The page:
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Case StudySSPPolyvagal TheoryTrauma & PTSD

The Safe and Sound Protocol (SSP) is the “missing piece” to client’s recovery after PTSD

🕑 4 minutes read
Posted July 21, 2023

About the Provider

Name: Alycia O’Connell
Disciplines/credentials: Licensed Clinical Social Worker (LCSW), Certified Alcohol and Drug Counselor (CADC III)
Modalities: Eye Movement Desensitization and Reprocessing (EMDR), Flash technique, cognitive behavioral therapy (CBT), Motivational Interviewing (MI), Safe and Sound Protocol (SSP)

Client Background

Name: Joana (pseudonym)
Age and Gender: 67-year-old woman
Program Delivered: Safe and Sound Protocol (SSP) Core (Hours 1-5); Connect (Hours 1-5)

Joana presents with PTSD, and has a long history of trauma dating back to childhood and continuing throughout her life. She was raised by a parent with narcissistic personality disorder and suffered a lot of abuse as a child. Abuse continued to be present in her relationships moving forward. 

Joana has never been in therapy before. At the start of treatment, she had taken the steps to get out of her 22-year marriage, which was a physically and emotionally abusive and dangerous relationship. Her husband had been incarcerated for abuse and threats toward Joana. Because of the abusive relationship, she had lost many friends, family and her job. She currently lives with her son, who also struggles with his relationship with his dad. 

Joana had often vacillated between letting her husband back into her life and standing her ground. After several threats while she was already in therapy, she ended up getting back together with her husband. Unfortunately, while she was in therapy, she was also going through cancer treatment and upon suffering additional abuse from her husband at that time, she finally ended the relationship permanently. Joana was often stuck in a dorsal vagal state and struggled to stick up for herself. 

Joana came to treatment to work on her PTSD diagnosis. At the start of treatment, she identified the following goals:

  1. Finding my voice
  2. Self esteem
  3. Being able to say no
  4. Reconnecting with family relationships strained due to her previous relationship.

Implementation of the Safe and Sound Protocol (SSP)

The SSP was delivered remotely. Alycia explained that Joana was the most hypervigilant client she has used the SSP with. 

After the first listening session, which was completed independently, Joana checked in with Alycia and gave updates on her reactions to each song in detail (for example, the clapping in the happy song was extremely activating to her). Despite this, she resisted slowing down and wanted to push through. She said 15-minute listening sessions were almost intolerable, but she was able to do it if she continued on for 30 minutes. This prompted them to slow down the length of listening sessions. Alycia was able to explain why they needed to slow down and moving forward Joana completed her sessions one song at a time.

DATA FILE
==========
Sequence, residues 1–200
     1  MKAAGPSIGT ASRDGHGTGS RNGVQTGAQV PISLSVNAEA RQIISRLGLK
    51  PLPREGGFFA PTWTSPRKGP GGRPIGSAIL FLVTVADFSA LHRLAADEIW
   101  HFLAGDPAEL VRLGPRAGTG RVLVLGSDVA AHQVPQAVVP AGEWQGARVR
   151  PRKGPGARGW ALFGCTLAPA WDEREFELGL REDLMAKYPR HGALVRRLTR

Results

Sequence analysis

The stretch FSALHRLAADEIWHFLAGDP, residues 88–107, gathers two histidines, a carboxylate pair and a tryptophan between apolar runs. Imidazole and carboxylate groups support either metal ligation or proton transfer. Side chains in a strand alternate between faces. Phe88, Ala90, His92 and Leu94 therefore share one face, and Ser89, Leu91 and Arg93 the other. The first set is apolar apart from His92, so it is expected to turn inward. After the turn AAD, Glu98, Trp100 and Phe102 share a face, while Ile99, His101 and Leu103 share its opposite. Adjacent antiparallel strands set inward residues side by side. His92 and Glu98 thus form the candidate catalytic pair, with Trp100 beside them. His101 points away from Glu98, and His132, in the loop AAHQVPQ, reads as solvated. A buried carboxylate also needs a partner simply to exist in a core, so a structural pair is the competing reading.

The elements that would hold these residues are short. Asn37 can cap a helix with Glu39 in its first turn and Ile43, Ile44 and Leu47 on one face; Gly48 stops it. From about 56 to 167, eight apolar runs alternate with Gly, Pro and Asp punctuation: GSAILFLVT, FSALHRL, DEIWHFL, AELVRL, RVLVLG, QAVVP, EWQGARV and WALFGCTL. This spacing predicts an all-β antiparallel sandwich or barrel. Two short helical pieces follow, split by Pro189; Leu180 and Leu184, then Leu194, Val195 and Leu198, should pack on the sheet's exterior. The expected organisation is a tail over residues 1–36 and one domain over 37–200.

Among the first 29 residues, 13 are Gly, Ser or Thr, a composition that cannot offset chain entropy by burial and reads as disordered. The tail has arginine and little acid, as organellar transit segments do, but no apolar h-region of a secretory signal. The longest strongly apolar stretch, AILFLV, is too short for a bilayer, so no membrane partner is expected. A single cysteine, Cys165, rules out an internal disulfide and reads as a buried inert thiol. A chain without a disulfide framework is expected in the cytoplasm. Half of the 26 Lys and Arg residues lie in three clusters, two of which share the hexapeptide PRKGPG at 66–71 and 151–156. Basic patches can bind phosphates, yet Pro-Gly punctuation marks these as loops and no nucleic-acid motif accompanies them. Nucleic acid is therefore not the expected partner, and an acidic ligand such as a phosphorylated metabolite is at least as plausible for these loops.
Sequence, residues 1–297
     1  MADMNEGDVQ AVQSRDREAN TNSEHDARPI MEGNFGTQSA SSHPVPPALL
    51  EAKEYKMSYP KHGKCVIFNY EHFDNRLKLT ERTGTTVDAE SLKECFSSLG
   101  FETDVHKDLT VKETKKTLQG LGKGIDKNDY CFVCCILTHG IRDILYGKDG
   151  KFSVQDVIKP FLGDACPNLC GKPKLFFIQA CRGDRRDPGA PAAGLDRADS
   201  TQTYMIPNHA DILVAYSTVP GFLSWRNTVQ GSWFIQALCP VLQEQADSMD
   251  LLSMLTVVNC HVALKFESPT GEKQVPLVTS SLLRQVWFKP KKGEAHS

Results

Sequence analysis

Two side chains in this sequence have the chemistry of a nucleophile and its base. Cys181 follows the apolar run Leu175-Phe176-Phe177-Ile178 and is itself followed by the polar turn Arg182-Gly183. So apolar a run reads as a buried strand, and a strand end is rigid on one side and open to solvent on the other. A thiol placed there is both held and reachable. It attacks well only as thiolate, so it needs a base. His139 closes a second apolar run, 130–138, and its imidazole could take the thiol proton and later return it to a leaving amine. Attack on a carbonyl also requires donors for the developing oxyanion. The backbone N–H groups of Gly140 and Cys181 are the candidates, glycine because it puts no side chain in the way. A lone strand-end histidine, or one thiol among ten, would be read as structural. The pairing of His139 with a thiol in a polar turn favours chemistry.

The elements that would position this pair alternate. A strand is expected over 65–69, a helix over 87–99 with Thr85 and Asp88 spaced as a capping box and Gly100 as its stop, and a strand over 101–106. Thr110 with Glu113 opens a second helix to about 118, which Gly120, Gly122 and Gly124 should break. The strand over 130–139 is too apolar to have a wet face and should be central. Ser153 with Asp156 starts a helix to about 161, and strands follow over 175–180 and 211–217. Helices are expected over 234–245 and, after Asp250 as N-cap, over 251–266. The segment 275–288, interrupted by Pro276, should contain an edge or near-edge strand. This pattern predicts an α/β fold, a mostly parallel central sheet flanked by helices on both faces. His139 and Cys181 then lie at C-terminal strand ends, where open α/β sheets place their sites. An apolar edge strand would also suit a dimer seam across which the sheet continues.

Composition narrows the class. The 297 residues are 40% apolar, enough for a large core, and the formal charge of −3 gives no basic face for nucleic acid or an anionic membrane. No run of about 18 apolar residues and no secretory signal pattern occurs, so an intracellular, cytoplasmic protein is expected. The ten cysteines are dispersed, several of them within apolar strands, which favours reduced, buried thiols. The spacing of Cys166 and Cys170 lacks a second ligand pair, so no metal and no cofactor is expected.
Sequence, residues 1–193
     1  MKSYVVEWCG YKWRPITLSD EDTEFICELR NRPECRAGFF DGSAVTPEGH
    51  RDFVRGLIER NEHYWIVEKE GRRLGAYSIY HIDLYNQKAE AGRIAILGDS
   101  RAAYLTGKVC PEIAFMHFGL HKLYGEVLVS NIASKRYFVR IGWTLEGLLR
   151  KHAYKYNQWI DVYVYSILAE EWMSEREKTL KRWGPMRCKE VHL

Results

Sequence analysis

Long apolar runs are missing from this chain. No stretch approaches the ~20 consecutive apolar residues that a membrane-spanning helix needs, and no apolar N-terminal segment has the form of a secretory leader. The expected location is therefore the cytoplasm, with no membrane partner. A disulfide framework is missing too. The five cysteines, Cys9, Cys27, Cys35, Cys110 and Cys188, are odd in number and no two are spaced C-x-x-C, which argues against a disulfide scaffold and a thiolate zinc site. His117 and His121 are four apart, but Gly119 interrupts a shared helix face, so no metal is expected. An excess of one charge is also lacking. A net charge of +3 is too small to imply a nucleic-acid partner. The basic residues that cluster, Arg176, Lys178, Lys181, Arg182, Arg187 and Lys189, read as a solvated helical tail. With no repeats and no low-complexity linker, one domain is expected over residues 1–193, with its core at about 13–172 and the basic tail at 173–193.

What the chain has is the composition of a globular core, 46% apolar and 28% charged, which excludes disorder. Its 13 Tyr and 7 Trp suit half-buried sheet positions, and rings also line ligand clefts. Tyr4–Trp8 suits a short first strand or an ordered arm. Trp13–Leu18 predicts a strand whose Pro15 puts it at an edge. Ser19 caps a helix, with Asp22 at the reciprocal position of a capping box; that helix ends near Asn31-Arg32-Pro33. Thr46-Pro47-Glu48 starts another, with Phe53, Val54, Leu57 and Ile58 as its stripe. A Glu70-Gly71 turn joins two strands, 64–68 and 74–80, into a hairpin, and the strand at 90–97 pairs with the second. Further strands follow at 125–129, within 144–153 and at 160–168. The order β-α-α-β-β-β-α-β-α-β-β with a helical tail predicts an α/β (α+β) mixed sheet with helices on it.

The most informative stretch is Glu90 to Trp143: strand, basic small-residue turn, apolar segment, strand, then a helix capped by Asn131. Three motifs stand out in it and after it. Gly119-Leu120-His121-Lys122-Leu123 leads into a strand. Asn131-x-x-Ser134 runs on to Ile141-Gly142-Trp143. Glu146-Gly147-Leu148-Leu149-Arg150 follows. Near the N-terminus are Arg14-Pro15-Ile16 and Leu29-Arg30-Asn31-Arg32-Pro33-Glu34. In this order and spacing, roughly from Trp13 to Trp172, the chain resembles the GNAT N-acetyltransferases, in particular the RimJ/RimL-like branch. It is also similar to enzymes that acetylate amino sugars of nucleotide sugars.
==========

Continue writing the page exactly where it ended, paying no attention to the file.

There was a lot of daily support around adjusting the program delivery and teaching Joana to listen to her body. She had an understanding of Polyvagal Theory from her therapy with Alycia and was able to better understand what was happening. Prior to the SSP, they mapped out Joana’s nervous system, which she found helpful, often using the terminology. 


Joana has had amazing results from the Safe and Sound Protocol (SSP). Alycia shared that “it was the missing piece to her recovery.” 

Before the SSP, Joana hadn’t listened to music in 45 years and now she’s enjoying music. Previously, Joana felt dread and fear that her ex was lurking around the corner. Now, she says that she has “no more terror feelings,” feels in control and no longer feels constant dread. 

The SSP also helped her become more in tune with herself and what she does and doesn’t like. 

“At our last session, she said she was talking to a friend about therapy ending and said that she knows she will be OK,” Alycia added.


“Everyone has been impressed with the success this client has had,” Alycia said. Joana has since reunited with many friends and family and is enjoying time with them. She has been traveling with family and is finally in charge of and enjoying her life. 

“I was amazed by seeing the powerful effects that the SSP made,” Alycia said. (Although Joana made so much progress, her trauma went back so far that there was no baseline to return to. Alycia wasn’t sure her nervous system had ever felt completely safe).

For Alycia, this was a great reminder about going slow with clients and educating them on why taking as much time as needed with the SSP is so important. With Joana listening to one song at a time per session, Alycia said, “She had the most amazing effects of all my clients.” Alycia said. 

Alycia has also started completing the first listening session with her clients so that she can monitor and see how they respond to and understand the technology. For clients experiencing the Safe and Sound Protocol (SSP) for the first time, she does daily check-ins and is more likely to start with Connect rather than Core now. 

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